Fake news and social media create challenges for democracy
Since Donald Trump’s election in 2016, the U.S. media has published endless stories about fake news and ways technology has threatened democracy.
Many of the tactics described in these reports centered around the proliferation of fake news reports on social media, targeted advertising on social media by third party organizations, and the use of autonomous social media bot accounts to amplify divisive rhetoric online.
However, in Canada the debate about these potential threats has been much more muted.
Does legislation help?
In an effort to limit foreign interference and the influence of political action committees, the Liberal party passed legislation in 2018 to help combat these potential threats to the integrity of Canada’s electoral system.
The legislation solidified rules limiting political advertising prior to the election period. It also forced political advertisers on social media to register their activities with Elections Canada.
“We’ve developed standards and norms for broadcasting, for radio, and for print media. What are some of those norms and standards that we should be thinking about when it comes to the online world?” said then federal Minister of Democratic Institutions Karina Gould, in an interview with CTV’s Power Play in May.
“What we’ve seen at the federal level in Canada, is that the Liberal party was pretty willing to jump in and legislate and regulate around these kinds of issues,” said Lisa Young, a political scientist at the University of Calgary.
Fears of interference
In the buildup to the federal election, there were rumblings about whether foreign governments would deploy similar tactics to interfere.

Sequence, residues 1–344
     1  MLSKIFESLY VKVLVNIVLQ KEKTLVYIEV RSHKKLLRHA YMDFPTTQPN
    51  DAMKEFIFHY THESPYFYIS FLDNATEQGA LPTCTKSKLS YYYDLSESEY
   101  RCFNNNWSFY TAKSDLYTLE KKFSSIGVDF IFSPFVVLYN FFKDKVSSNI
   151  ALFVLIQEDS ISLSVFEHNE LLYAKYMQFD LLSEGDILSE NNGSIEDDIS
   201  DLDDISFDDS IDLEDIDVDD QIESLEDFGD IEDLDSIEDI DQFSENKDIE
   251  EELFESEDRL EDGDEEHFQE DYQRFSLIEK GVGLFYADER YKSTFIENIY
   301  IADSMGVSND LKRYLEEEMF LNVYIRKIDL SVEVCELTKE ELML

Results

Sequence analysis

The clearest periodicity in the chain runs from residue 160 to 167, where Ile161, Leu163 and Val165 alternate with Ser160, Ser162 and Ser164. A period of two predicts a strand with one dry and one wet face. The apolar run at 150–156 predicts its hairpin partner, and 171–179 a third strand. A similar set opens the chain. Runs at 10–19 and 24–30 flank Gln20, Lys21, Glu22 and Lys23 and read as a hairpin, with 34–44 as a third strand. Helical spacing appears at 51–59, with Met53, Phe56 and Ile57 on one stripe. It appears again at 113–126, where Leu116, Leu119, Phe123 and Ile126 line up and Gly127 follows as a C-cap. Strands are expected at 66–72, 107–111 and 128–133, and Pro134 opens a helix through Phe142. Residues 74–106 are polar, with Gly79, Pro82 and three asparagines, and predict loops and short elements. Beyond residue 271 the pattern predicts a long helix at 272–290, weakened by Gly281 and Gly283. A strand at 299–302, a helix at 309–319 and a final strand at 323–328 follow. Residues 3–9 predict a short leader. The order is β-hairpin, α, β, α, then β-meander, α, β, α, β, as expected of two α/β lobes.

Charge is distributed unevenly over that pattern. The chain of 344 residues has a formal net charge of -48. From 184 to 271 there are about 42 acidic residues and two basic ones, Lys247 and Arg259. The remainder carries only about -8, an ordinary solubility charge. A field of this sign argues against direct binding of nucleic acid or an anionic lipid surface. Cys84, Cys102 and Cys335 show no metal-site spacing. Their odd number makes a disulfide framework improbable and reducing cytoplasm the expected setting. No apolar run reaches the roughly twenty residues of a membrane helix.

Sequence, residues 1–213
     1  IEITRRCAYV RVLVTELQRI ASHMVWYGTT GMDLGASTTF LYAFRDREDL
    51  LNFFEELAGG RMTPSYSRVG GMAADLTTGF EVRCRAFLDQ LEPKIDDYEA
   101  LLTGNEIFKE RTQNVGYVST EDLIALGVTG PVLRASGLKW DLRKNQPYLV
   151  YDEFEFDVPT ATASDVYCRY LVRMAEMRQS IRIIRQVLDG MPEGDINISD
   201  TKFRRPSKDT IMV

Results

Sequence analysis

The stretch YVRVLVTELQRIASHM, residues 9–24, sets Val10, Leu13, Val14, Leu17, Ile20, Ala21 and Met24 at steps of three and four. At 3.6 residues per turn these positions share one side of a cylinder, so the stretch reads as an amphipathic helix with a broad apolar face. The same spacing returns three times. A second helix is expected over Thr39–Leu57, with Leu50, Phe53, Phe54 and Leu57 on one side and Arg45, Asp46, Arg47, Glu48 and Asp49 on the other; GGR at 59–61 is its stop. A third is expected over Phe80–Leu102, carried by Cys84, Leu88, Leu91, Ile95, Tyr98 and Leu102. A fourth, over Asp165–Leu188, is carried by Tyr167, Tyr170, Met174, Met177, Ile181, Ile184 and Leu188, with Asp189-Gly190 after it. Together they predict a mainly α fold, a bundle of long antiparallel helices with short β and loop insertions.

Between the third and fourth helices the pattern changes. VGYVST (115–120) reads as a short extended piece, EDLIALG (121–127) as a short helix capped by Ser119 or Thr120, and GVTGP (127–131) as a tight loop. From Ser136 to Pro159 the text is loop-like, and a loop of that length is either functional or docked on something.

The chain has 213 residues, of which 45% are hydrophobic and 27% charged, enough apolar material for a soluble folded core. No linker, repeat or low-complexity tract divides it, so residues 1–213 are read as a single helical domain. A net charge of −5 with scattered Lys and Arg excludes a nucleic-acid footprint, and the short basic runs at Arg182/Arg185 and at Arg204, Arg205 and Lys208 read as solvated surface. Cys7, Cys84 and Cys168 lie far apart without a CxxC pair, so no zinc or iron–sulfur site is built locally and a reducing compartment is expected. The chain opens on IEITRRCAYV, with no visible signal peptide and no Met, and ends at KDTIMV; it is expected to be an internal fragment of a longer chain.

According to Young, one of the more interesting developments from the federal election is that much of the social media interference came from an unexpected source.
“A lot of the intervention we saw actually came out of the United States,” said Young.
As an example, she pointed to a specific instance where a U.S.-based news website called The Buffalo Chronicle,a site known for publishing journalistically problematic content, started publishing unverified stories about Justin Trudeau having an affair while he was a teacher at the West Point Grey Academy in Vancouver.
“It really did spread very quickly and Facebook to the best of my knowledge didn’t take it down,” said Young.
The problem with this type of activity on social media is it becomes difficult over time for the population to properly distinguish between information and fake news.
Young believes people who are careful about what media they consume and double check news stories on reputable sites will be fine, “but people who want to believe misinformation, won’t go looking.”
Young believes it’s important for people to verify news with multiple reputable news organizations, and refuse to share content that can’t be verified.
She also suggests paying for a subscription to journalistic publications if you can afford it, “because there’s established journalistic practices that verify information is correct.”
Young also believes that social media companies need to be held accountable for content on their platforms.
“I think we need to exert pressure as consumers on these various platforms to make sure that they act as responsible publishers of information,” said Young.
While social media has a tremendous potential to distort people’s perceptions, some have been pushing back against the Liberal government’s changes.
In March, Google made headlines because the company banned political advertising from its platforms ahead of the federal election, because they found the changes to be too onerous.
This fall, advocacy groups also launched a challenge to recent amendments made to section 91 of the Canada Elections Act, specifically making the dissemination of false political statements punishable by jail time or fines.
This intersection of democracy, business, and advocacy highlight just how complicated this new political world can be.
In a game with such high stakes, Young is fearful groups may start to politicize the regulation of these activities.
“I think we’re in trouble if we start thinking of this as a partisan issue, I think that’s what’s come to happen in the United States and I don’t think we want to go down that road,” said Young.